The Republicans did it by repealing the only power a minority party has to block judicial appointments and legislation—the Senate’s filibuster rule, which says 60 votes are needed to end debate and vote. The Republicans could not get enough Democrats to clear that threshold for Neil Gorsuch's high court confirmation, so they took steps to repeal the filibuster rule for Supreme Court nominees, positioning the 100-member body’s 52 Republicans to confirm Gorsuch by a simple majority.
The consequences will be felt immediately and for decades. The Supreme Court returns to a conservative majority, where on the most contentious issues there likely will be votes to deny reproductive rights, undo government regulation of business, ignore climate science and allow corporate evasions of societal responsibility. The GOP strategy was simple. Led by Kentucky’s Mitch McConnell, the Republicans refused to act on President Obama’s court nominee, Merrick Garland. They wagered they could delay until after 2016’s election and perhaps cement a right-wing court.
The stage was set for this judicial coup on Thursday, when Republicans, who could only get 55 votes to end the Democratic filibuster, began the procedural march to repealing that rule for Supreme Court nominations in preparation for Friday’s confirmation by a simple majority.
What transpired this week reverberates beyond the historic loss of a left-of-center Supreme Court majority, a swing in that body’s temperament that occurs only every few decades. In the Senate itself, the hollowing of the filibuster rule, which still remains in effect for legislation—and thus is the only power Senate Democrats still hold—means that its tradition of being forced to compromise is further withering under hardball, winner-take-all tactics.
Speaking before the vote, the Senate Minority Leader, Chuck Schumer of New York, rued the Court would be seen as an even more partisan and politicized body with this appointment, and wondered aloud how long the filibuster rule blocking extremist legislation would survive.
“Instead of the Senate forcing us to change, senators have decided to change the Senate, and I worry a great deal about what that means for our future,” Schumer said. “Today’s vote is a cautionary tale about how unbridled partisan escalation can ultimately overwhelm our basic inclinations to work together and frustrate our efforts to pull back.”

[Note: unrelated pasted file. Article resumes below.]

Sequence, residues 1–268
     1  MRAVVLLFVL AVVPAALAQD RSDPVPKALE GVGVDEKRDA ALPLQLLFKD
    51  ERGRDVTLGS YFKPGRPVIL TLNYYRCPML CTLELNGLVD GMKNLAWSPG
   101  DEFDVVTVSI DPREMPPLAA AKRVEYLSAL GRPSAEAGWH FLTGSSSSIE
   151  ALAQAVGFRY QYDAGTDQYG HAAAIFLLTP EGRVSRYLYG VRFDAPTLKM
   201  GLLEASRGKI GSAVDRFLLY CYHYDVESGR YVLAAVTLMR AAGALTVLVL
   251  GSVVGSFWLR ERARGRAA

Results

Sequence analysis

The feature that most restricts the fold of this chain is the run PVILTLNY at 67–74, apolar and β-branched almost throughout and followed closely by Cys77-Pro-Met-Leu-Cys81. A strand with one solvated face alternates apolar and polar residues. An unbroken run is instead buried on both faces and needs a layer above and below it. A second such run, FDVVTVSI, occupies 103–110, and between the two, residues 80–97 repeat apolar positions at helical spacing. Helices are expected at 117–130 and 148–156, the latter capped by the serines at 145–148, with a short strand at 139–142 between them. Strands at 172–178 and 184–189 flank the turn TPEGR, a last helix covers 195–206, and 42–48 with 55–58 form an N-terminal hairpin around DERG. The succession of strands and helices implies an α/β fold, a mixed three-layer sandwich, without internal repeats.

Republicans, of course, blamed Democrats for ripping up the filibuster for judicial nominations. They pointed to 2013, when the body had a Democratic majority that revoked the filibuster to seat dozens of lower district and appeals court judges appointed by President Obama. The Democrats acted because McConnell refused to allow the seating of Obama’s appointees. A few Republican senators pointed the finger of blame even further back, citing Democratic opposition to President George W. Bush’s nominees, including a 2006 deal where only half were seated. Thus, in their minds, Republicans were only continuing what the Democrats had started.
Sen. Christopher Coons, D-DE, said this circle of blame was idiotic and deeply damaging. He told the Senate it was a mistake in 2013 for the Democrats to yank the filibuster rule for lower federal court appointments. But those misgivings and pleas for the Senate to retain its requirement to compromise sufficiently to clear 60-vote thresholds were not persuasive.
“We simply do not trust each other anymore,” Coons lamented. “What past mistakes can we own up to?”
Such calls for reason and seeing history with clear eyes didn't hold. Not in a GOP that since Obama’s election in 2008 has done everything it can to change the rules in state and federal elections, as well as in judicial confirmations, to tilt the likely results to their partisan benefit. On the judicial front, the GOP’s obstructionist tactics continued after 2014, when it regained the Senate majority. It refused to act on more than 50 Obama nominees and Merrick Garland. President Trump is now poised to appoint the most federal court judges since the 1950s.
The loss of the U.S. Supreme Court to right-wingers has been coming ever since Hillary Clinton lost the presidential election. As damaging as that will be for years on every issue that matters to progressives, what the Senate did this week poses another danger. It’s made the structure of American government more susceptible to political extremism. It’s part of a Republican-led progression that has changed the rules over how elections are waged to their side's advantage, and has embraced anything-goes attacks under the banner of partisan loyalty and ideology.
If American democracy is dying a death of 1,000 cuts, this week’s Senate action is one of the bigger wounds—right up there with the U.S. Supreme Court’s 2010 Citizens United decision that unleashed new billionaire-driven political machines, and the Supreme Court’s 2013 gutting of the Voting Rights Act of 1965, the crowning achievement of the Civil Rights Movement.
Author: Steven Rosenfeld